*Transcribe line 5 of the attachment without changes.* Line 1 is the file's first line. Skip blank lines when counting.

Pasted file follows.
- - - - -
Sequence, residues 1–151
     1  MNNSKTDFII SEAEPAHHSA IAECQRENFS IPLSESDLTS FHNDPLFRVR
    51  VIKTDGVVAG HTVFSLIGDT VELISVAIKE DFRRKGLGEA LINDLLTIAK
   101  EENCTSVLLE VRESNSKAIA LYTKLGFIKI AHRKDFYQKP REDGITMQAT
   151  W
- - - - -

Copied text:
   151  W